That’s a statement I’ve heard and read countless times in the past month. If you hear or see the same words over and over again they eventually lose any proper meaning in your mind.
I’m partly to blame, no doubt. When people keep asking you how you’re doing then you get used to using empty cliché as a diversionary tactic. I’ve certainly assisted people in forming the simplistic view that everything’s fine.
I mean what’s the alternative?
‘Actually I was having some suicidal thoughts just before you dropped round. Now, do you want a chocolate biscuit with your tea?’
I don’t think most people want that much honesty.
Everybody praises the bravery in speaking out. But what they really want to hear is that there’s a happy ending. That you’ve beaten it. No messy loose ends please.
But here’s my truth. There is no better place. I can no more stop the workings of my mind than teach my hair to grow shorter.
The terror is still there. Every day. The raven of despair still flies constantly. The dark thoughts as inevitable as a Monday morning.
On my very best days, the absolutely happiest times of my life, I will have life-ending thoughts. Maybe one hundred times.
Does that sound incessantly bleak?
Well, it shouldn’t. Because that’s the breakthrough.
That’s the realisation that perhaps saved me.
Being able to say those couple of sentences finally gave me what I’d been searching for all of my life. A little bit of peace.
Let me explain. For as long as I can remember I’d always assumed I’d get to an age where everything made sense. When all the edges of the shapes would rub together smoothly. At 20. At 30. At 40.
I would reach a point where I would beat my own monsters. Where my mind would be tamed. Where I would just feel security and happiness.
I would get off the pills forever. I’d never have to be afraid again. I’d stop feeling the maggot worthlessness that infests my soul.
But it just never seemed to happen.
Not only that, but things were clearly getting worse.
Those who’ve read the previous instalments of this story know how the more successful I was at work, the more chaotic my world became. The breakdowns, the suicide attempts, the time in hospital.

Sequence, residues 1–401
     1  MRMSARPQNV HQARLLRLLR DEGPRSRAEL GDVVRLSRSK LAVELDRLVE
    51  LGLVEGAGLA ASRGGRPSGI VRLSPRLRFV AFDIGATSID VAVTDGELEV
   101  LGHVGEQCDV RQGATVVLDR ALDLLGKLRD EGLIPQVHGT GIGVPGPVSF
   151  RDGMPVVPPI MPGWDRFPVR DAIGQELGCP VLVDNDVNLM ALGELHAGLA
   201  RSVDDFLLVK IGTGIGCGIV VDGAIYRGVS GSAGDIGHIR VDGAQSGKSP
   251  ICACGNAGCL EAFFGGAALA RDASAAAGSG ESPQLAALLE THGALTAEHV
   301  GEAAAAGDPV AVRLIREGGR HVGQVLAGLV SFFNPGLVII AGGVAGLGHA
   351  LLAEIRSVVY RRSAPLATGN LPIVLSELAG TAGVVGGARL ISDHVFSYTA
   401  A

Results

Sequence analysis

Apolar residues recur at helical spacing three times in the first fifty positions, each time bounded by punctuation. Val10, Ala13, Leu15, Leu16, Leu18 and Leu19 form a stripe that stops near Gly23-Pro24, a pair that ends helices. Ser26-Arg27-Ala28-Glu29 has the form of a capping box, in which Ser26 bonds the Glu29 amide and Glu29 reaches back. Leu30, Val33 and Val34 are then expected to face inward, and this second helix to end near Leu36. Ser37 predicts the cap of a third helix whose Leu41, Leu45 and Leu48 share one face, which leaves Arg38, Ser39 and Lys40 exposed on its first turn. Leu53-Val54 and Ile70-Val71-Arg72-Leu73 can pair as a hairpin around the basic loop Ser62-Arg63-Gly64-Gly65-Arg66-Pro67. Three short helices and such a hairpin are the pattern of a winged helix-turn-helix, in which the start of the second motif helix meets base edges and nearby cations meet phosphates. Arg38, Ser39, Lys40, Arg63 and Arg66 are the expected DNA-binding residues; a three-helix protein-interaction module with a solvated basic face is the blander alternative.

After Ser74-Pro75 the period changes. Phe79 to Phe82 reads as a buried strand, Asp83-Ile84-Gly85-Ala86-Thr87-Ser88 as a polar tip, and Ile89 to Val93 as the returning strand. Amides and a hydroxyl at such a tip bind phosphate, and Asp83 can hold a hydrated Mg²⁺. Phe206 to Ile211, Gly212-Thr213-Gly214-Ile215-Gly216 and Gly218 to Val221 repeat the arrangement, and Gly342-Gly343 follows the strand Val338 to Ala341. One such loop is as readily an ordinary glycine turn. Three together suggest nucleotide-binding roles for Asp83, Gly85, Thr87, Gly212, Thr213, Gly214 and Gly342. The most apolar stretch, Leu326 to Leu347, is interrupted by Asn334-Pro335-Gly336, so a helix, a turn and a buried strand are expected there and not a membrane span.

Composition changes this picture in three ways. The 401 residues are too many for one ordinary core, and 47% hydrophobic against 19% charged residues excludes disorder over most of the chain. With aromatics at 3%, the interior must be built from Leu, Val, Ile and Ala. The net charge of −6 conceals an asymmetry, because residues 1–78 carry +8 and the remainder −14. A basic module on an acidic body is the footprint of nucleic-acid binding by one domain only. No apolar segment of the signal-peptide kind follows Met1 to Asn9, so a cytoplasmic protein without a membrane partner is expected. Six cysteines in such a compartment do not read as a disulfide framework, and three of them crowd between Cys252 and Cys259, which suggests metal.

I’d had to leave my job. I’d had enough. I had a young son to care for. I had no idea what I was going to do with the rest of my life. I had no idea if there was going to be a rest of my life.
I was tired.
Tired of fighting against my own mind.
So I stopped.
There was no decision made to do it. No convenient moment of clarity that I can use as a neat story to build this post round.
I suppose just being away from the pressure of work must have relaxed me a bit. Being free for the first time in 20 years of the unrelenting pressure of deadline and the next edition allowed me to begin to heal my shattered nerves.
Because of work I’d missed my son’s first week of nursery school. Now I was free of it and able to help him when he needed me. He was struggling with the adaptation to the new environment. I was able to be there. To be with him
I was there in the mornings. To help him have his breakfast, to fight over the dressing ritual. I was there to hold his hand as we went to the school door. There to talk calmly to him as he wept and pleaded to be allowed to go back home. There to hug him and wave goodbye.
I was there, standing among all the mummies when it was time to go home. I’d usually see him before he saw me. As the teacher led him outside there’d be a look of uncertainty, almost fear, on his face. Then he’d spot me and start to run, his bottom lip trembling as he jumped into my arms.
Soon I began to enjoy it. I became familiar with all the drop-off and pick-up times. I learnt the names of all the pupils and made friends with the parents. We went to the park often.
I was there for the school trip, the nativity play, the school disco, the spring fair, the open day, the sports day.
The birthday party invitations started to come. We went to them all. I always tried to be the daddy who played with all the kids, the first one in the bouncy castle. I made a cake for my son’s party. I learnt how to make balloon animals for the kids.